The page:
Chicory

Mar / Apr, May / Jun
May / Jun, Jul / Aug, Sep / Oct
Indoors | Outdoors

Why Grow It

A bitter leaved, tangy salad plant, chicory adds a nice texture to winter salads.  There are three types: red chicory, often known as radicchio or Italian chicory; forcing chicory, which is ‘forced’ by depriving the plants of light to produce tender, sweet white growths called chicons (which are a lot like tender cos lettuce); and sugarloaf chicory, which is like lettuce.

Chicory can be grown in a raised bed or open ground, or even in a pot – so it’s ideal for the balcony grower. You can grow them as baby leaves or let them grow on to produce a compact head. Forcing chicory can often be the only way of having tender young salad leaves in a very cold climate, as you are forcing them indoors in pots – and the little chicons are a delicacy.

  • Chicory can be sown direct or in module trays for transplanting.
  • Sow indoors from March to July and outside from April to July.
  • Sow a single seed in each module and lightly cover with compost.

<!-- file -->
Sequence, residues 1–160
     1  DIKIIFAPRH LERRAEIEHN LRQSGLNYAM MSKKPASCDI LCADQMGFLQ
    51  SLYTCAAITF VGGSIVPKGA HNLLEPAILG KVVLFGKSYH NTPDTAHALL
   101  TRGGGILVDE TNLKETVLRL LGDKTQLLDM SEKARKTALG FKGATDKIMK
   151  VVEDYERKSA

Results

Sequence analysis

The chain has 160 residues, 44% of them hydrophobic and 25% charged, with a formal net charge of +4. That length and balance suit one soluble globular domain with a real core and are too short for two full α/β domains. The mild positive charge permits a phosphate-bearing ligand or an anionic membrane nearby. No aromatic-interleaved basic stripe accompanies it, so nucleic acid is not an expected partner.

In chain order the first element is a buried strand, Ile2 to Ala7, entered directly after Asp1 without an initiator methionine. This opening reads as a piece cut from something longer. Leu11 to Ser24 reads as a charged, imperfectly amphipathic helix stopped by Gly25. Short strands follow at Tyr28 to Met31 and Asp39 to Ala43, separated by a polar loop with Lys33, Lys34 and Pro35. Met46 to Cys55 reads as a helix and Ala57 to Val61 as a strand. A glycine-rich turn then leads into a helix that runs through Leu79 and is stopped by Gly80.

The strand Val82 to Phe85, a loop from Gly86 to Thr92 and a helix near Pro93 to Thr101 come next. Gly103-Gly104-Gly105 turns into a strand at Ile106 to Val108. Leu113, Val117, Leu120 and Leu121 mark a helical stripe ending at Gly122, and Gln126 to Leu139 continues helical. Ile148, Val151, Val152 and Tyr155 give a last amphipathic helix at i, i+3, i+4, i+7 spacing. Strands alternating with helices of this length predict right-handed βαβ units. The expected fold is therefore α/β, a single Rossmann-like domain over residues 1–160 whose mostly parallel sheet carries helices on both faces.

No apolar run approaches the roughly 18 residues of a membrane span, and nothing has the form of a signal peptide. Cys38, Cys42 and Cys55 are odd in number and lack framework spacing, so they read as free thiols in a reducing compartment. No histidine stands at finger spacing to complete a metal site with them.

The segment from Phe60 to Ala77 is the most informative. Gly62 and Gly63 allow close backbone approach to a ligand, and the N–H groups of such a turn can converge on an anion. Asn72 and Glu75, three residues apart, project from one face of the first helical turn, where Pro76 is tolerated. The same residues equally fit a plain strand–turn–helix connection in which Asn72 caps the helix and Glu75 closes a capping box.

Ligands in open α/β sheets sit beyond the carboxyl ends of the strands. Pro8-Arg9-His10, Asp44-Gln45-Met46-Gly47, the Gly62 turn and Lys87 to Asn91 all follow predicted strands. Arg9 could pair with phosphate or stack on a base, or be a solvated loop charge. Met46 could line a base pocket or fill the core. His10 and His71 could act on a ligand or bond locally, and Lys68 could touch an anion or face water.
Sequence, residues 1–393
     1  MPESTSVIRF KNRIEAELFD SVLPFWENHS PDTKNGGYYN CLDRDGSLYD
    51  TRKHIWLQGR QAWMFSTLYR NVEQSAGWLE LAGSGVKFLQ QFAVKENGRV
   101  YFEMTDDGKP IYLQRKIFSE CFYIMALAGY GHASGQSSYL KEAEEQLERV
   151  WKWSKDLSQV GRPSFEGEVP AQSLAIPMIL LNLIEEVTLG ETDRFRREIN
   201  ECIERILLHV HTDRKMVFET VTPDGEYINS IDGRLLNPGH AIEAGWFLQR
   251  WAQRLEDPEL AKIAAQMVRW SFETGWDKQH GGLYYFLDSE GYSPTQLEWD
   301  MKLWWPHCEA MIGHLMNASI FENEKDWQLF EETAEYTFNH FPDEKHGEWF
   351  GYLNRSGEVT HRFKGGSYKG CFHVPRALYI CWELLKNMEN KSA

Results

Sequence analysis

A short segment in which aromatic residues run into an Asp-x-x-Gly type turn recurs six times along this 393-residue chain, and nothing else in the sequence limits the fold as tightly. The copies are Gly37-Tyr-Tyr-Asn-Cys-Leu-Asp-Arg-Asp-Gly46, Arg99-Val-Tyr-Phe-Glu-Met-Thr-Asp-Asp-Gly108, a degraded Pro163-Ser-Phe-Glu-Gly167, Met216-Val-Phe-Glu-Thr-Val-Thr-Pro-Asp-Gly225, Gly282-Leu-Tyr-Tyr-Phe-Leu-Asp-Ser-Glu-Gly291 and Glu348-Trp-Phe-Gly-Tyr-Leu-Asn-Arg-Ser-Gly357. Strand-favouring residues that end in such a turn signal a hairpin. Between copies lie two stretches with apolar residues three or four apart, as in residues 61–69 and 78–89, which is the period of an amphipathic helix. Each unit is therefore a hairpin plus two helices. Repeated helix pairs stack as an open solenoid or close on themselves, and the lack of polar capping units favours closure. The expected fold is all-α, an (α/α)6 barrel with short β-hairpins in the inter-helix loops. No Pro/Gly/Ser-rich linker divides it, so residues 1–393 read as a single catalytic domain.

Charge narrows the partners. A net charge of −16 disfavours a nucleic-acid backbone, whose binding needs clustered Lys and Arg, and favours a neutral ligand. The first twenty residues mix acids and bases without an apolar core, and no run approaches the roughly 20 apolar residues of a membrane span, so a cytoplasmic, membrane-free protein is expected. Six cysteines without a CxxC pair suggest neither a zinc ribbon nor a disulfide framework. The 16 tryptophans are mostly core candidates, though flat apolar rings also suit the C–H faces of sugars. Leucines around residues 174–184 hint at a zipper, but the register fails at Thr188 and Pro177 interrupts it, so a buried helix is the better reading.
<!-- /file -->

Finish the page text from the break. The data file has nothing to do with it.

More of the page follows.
• Sow outdoors thinly at 1cm deep in rows 25cm apart – sowing every two to three weeks will give you chicory throughout the summer.
  • Transplant module-grown seedlings when they are 10-12cm tall. Space 20cm apart in rows 25cm apart.
  • Thin direct sowings to the same spacing – thinnings can be used for salads, but may be too bitter for some.
  • Make sure the soil doesn’t dry out, particularly after transplanting.
  • You can start harvesting the baby leaves as soon as they are ready.
  • Or leave to form a compact head – it will feel firm and plump to touch when it’s ready. Cut mature heads when ready.
  • Dig up chicon roots in the autumn and transplant into containers. Place containers somewhere warm, in the dark and tender chicons will form over the winter – these can be cut off and eaten, and the process can then be repeated for spring.
  • Witloof de Brussels
  • Red Treviso
  • Pallo Rossa
  • Chicory is fairly trouble free, but slugs and leaf rots can be a problem.
  • Make sure the plants are grown at the recommended spacing and keep the area slug free.
  • Keep the soil evenly moist – plants that are stressed from lack of water produce bitter leaves
  • The dried tap root of chicory can be ground and used as a substitute for coffee.